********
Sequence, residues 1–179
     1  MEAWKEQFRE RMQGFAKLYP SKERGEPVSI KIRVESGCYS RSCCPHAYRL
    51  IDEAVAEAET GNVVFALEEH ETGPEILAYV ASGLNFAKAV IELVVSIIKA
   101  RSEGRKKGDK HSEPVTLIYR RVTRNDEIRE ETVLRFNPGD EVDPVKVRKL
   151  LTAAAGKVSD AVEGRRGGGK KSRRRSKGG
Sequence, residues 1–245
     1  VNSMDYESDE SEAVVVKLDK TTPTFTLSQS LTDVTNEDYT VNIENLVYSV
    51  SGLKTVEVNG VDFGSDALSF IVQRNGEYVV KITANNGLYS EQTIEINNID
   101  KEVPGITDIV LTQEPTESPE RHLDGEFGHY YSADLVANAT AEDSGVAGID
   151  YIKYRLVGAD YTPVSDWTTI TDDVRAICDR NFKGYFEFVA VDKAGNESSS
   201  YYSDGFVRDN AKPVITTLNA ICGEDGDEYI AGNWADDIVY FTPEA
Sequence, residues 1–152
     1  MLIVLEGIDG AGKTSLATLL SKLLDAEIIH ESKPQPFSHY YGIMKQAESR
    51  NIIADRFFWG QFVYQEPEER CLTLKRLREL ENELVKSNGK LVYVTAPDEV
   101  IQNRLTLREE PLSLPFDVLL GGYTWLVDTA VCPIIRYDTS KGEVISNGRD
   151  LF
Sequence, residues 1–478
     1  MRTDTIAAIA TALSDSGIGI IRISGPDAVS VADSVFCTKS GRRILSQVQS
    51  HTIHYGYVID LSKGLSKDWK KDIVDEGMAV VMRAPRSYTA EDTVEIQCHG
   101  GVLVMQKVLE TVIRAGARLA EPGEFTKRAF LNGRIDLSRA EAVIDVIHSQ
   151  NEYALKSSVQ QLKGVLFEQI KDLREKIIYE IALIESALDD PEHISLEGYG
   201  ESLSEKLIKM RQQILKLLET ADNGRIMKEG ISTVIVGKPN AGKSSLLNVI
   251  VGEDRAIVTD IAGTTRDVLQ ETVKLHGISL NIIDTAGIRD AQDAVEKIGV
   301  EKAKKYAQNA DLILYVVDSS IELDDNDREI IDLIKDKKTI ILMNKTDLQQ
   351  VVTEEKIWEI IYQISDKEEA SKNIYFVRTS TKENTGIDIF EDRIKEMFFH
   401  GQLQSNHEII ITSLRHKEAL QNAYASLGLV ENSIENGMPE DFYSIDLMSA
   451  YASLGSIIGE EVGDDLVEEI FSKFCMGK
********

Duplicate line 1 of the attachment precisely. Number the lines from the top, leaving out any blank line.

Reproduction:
Sequence, residues 1–179